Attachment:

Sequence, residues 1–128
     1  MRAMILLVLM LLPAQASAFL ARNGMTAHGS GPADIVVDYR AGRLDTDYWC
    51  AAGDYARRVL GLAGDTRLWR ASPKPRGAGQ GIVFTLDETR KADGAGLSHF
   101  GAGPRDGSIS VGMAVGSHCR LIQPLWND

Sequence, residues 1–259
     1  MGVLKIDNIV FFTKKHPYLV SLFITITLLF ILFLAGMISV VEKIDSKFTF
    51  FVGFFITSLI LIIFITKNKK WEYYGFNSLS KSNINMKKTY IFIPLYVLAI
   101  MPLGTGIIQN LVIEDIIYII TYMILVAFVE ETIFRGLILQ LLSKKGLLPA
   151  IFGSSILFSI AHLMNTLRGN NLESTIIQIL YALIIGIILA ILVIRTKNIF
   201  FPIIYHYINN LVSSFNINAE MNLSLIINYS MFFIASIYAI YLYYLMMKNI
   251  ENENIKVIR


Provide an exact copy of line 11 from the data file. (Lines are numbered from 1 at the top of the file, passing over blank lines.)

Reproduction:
   251  ENENIKVIR